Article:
Here's the difference between stuffing and dressing

The holiday season is a time to be with the people you love and eat some of your most beloved family recipes that have been passed down from generation to generation. Another tradition that is as much of a mainstay as the roasted turkey served during Thanksgiving? Passionate family discussions about everything — from sports to politics to how your aunt's sweet potato casserole is better than your mom's (which is something that the family doesn't say too loudly around dear mom). One debate that has caused a bit of contention among relatives, especially those who live in different parts of the country, is the ever-so-delicious topic of what the true name for stuffing is (or is it dressing?). 

This debate is so far-reaching, that even The Pioneer Woman, Ree Drummond, named her late mother-in-law's recipe "Thanksgiving Dressing/Stuffing." But, is there really a difference between the two? Or is it more a difference of words the same way soda and pop are sometimes used interchangeably.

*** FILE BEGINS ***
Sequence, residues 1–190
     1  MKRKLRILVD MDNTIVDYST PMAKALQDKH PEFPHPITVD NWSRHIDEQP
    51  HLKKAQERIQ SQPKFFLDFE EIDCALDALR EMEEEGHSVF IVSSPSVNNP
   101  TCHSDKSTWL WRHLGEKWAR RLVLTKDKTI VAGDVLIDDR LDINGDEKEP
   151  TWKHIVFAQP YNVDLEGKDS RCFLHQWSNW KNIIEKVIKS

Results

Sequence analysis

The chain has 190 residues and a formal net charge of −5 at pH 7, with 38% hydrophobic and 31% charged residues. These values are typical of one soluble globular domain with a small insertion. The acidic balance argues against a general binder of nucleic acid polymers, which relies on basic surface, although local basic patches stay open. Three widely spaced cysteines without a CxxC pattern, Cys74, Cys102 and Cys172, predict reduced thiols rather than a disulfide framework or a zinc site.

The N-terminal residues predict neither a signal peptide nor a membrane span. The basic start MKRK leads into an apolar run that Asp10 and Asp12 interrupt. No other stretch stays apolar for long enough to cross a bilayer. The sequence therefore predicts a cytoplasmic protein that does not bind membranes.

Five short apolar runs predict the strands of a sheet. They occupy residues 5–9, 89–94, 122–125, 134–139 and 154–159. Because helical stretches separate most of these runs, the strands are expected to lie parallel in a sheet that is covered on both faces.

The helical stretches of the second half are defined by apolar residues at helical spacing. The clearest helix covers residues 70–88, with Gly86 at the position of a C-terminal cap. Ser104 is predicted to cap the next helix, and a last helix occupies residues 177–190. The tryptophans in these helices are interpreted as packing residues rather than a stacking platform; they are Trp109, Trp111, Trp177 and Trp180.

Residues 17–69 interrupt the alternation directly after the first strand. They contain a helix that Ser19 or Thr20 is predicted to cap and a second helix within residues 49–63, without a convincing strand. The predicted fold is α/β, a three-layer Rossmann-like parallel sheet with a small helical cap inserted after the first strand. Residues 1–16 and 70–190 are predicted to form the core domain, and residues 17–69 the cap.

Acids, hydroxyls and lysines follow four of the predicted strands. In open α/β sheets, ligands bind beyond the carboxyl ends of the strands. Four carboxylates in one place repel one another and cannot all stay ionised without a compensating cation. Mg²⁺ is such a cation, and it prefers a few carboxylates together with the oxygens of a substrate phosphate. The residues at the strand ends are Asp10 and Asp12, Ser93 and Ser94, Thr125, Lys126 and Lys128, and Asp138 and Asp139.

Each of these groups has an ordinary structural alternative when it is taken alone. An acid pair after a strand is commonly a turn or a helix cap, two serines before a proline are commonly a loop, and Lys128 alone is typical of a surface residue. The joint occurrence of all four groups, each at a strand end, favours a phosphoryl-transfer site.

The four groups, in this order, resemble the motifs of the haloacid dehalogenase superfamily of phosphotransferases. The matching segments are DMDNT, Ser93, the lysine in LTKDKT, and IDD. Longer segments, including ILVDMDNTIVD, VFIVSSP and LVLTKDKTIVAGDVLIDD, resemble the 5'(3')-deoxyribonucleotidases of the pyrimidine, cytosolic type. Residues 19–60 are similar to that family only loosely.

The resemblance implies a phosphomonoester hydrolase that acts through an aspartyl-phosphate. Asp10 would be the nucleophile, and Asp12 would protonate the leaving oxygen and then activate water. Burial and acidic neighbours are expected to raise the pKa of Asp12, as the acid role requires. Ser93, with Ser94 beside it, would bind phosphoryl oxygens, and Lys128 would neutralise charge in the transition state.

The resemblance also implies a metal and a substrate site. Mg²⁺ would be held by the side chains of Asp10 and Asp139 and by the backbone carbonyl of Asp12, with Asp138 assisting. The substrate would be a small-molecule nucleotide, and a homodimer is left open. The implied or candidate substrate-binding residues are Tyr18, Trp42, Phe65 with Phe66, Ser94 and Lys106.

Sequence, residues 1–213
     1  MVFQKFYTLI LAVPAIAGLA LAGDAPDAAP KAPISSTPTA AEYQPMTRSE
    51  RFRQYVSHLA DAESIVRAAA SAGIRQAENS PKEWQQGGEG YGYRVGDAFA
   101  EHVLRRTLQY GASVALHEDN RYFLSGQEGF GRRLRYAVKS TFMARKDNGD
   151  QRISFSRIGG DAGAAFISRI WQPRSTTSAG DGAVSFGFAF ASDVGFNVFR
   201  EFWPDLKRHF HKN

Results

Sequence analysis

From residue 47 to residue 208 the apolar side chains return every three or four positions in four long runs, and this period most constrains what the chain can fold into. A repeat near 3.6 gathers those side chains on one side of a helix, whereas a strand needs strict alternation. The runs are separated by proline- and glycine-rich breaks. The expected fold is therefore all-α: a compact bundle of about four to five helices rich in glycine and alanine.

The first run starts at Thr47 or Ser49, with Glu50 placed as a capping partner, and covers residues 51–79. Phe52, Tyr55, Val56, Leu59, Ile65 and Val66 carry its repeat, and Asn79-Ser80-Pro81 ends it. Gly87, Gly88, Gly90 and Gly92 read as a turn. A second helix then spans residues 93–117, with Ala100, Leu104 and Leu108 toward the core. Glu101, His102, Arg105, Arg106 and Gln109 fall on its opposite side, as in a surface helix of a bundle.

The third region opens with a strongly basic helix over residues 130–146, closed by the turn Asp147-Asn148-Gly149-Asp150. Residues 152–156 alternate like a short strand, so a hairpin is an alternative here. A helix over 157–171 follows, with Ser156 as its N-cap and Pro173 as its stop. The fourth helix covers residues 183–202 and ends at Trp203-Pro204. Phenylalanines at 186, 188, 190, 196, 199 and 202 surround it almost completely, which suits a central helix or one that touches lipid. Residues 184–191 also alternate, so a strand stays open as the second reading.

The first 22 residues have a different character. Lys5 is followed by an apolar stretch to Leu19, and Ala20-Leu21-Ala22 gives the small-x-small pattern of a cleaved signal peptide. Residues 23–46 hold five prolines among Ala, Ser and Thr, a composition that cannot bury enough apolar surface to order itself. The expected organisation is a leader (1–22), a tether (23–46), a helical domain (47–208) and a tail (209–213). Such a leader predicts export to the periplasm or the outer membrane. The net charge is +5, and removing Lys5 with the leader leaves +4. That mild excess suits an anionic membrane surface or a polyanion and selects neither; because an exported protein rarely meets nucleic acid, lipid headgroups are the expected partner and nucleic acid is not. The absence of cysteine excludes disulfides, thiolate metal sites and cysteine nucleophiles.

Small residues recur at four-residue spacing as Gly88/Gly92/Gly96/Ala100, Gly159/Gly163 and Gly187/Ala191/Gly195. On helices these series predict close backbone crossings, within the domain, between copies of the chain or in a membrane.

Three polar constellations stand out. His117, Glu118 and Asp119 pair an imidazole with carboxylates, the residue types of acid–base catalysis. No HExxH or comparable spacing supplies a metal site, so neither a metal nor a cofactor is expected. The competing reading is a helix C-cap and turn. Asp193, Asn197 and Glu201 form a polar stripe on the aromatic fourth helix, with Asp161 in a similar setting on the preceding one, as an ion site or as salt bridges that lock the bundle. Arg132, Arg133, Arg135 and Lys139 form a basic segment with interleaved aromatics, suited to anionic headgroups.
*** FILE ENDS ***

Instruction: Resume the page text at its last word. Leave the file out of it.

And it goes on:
The differences between stuffing and dressing come down to geography

According to My Recipes, the true definition of stuffing is something that is cooked inside of something else. In theory, the article explains, turkey stuffing is a mixture that is cooked within the turkey. The Pioneer Woman details that cooking it within the turkey is something that has, for the most part, gone out of style. The USDA recommends that stuffing and turkey chefs stay away from this practice. But, if you can't stay away from it, make sure everything inside the cavity of the turkey is cooked to at least 165 degrees Fahrenheit. 

So, what is the definition of dressing? It's a mixture that is cooked in a pan next to the turkey, My Recipes reports. Both stuffing and dressing are made with the same basic ingredients like dried bread cubes, diced vegetables, broth, butter, herbs, and spices, according to The Daily Meal, so if you were looking for that to differentiate both, you're gonna hit the proverbial dead end. Another thing that marks the difference between the two on the holidays? Where you live and where you were raised (assuming you've moved), The Daily Meal cites. The report claims that Southern states like Texas, Oklahoma, Alabama, Georgia, and Missouri, have a higher tendency of using "dressing." What do the Northeastern states use? They are partial to "stuffing." And if you're from Pennsylvania, you call it filling, My Recipes reports.